Two down jackets were tested: one from the K-Way brand and one from the Penfield brand (sleeveless) Two types of tests were carried out:
1 °) Tests with a heating film (indoors):
To carry out these tests, the down jackets were placed open on a table on a plate of insulating material placed on a table. A heating film is placed between the insulation and the down jacket (in the center of the back of the garment. The temperature is measured under the garment with a thermocouple and outside with a thermal camera. To determine the amount of heat lost through the garment, we use a device called “Fluxmeter”. The heat flux here represents the amount of heat (Joules or Calories) passing through the garment in one second. Figure 1 shows the support and the heating films. Figure 2 shows a view of ‘a fluxmeter and a thermocouple fixed inside a down jacket Figure 3 presents a view of the down jackets positioned on the table
Figure 1: View of the support and the heating films
Figure 2: View of a fluxmeter and a thermocouple attached inside a down jacket (K-Way)
Figure 3: View of down jackets positioned on the table during an indoor test (K-Way on the right )
Figure 4: Thermal images of the outside of the down jackets during tests with a heating film (inside); K-Way on the right
Figure 4 presents the thermal images of the outer surface of the two puffer jackets. These are images in false colors which allow you to visualize the distribution of the losses: the rather blue or black areas are the areas where the losses are the least significant. The clear areas (yellow or white) are those where the losses are the most important. We notice that the seams appear lighter, a sign that the losses in these areas are greater. Two tests were carried out. The measured values of temperature and flow are presented in table 1. From these measurements, one can calculate the thermal resistance of the down jacket: it is the value of the difference of temperature inside-outside divided by the flow which crosses clothing. The indoor air temperature was 21 ° C and the relative humidity 50%. Note that the K-Way down jacket has a thermal resistance about 3 times lower than the other down jacket. This means that for the same temperature difference, it lets around 3 times more heat through.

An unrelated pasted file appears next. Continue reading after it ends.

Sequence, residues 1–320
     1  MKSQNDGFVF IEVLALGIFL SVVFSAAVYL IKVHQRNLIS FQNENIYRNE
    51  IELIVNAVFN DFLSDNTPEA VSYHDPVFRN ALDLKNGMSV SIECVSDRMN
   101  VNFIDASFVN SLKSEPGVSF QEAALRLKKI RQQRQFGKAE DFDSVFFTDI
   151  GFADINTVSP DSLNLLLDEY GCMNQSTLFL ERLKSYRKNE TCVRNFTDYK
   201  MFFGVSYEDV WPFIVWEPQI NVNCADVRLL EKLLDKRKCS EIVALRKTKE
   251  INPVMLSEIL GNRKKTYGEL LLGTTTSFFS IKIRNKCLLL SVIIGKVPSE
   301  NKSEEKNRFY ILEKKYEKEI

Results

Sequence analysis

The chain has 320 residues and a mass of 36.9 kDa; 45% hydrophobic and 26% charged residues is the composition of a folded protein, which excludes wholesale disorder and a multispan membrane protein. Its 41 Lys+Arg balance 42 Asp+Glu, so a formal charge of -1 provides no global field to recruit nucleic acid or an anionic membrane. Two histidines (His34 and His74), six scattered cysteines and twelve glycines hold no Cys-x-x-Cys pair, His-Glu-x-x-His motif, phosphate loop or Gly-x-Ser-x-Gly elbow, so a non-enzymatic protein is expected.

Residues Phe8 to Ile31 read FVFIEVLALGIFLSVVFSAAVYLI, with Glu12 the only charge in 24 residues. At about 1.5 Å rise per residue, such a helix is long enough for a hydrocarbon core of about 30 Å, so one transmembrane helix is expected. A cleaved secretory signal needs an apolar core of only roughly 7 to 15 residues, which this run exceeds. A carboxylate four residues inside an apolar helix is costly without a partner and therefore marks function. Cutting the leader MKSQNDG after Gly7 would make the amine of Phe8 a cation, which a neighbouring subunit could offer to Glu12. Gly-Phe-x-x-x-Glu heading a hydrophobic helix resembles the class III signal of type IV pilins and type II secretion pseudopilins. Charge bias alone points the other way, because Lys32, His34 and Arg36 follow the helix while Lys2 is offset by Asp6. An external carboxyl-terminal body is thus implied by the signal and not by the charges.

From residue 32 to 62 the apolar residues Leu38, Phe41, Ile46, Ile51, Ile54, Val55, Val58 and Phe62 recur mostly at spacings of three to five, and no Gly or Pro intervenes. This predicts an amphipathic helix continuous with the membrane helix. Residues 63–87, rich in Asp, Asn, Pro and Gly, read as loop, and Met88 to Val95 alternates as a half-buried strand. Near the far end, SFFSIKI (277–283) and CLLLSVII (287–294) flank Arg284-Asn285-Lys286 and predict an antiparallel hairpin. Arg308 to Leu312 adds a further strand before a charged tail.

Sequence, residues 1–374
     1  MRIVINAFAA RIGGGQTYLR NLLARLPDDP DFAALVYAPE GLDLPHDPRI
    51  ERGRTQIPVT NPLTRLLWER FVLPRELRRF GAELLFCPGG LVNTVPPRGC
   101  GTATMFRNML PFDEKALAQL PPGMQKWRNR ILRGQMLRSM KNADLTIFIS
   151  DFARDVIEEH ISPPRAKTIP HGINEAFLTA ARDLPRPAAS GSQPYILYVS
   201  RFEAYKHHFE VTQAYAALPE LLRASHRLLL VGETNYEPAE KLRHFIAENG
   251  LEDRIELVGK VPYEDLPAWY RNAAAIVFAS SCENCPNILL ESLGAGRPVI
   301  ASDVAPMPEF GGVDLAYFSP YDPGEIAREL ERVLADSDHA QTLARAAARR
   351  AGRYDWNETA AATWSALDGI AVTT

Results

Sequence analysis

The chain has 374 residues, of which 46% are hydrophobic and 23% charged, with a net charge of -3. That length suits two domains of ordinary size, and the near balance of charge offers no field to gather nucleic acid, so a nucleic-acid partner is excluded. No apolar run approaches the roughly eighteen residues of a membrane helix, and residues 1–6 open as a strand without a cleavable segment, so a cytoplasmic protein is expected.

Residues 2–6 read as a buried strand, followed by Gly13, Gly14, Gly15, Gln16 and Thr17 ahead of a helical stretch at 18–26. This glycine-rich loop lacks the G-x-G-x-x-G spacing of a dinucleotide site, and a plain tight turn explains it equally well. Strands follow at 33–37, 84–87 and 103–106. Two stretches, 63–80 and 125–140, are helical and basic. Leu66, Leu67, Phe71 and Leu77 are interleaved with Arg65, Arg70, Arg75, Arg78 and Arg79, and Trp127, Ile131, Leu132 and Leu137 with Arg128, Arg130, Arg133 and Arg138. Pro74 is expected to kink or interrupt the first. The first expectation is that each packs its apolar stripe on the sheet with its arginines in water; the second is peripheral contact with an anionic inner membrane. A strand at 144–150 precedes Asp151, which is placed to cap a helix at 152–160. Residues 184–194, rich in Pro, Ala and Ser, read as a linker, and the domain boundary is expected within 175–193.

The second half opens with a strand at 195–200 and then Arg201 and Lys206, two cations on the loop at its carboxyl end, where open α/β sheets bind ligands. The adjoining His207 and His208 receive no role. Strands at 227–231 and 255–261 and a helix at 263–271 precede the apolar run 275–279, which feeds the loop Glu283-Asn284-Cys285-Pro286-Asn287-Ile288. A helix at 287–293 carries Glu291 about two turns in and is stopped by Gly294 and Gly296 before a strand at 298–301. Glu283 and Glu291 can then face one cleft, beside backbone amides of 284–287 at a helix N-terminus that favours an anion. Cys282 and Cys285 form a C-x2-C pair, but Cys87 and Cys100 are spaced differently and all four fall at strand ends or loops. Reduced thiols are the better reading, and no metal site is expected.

Table 1: Results of the indoor measurements
2 °) Tests on people (outdoors): In this second case the down jackets were worn by two people. Two measurements were made. Between these two measurements, the two people exchanged the down jackets. The sensors were positioned in the same place as for the other tests. The two people put on and closed their down jackets inside, then went out. The measurements were made a few minutes after their release. The only difference from the first type of test is that it is the people who heat the inside of the down jacket. The outside air temperature was 13.5 ° C and the relative humidity 68%.
In Figure 5, we see the two people during the second measurement. Figure 6 shows the corresponding thermal images (back and front). Table 2 shows the measurement results.
Figure 5: Photographs taken outdoor
Figure 6: Thermal Images taken outside (back and front)
There are higher thermal resistance values than the first method, probably due to poorer contact between the back and the flowmeter attached to the jacket, therefore an additional layer of insulating air. However, this phenomenon is observed for the two down jackets. The thermal resistance of the K-Way model is approximately 3 times lower than that of the other model, which confirms the previous results.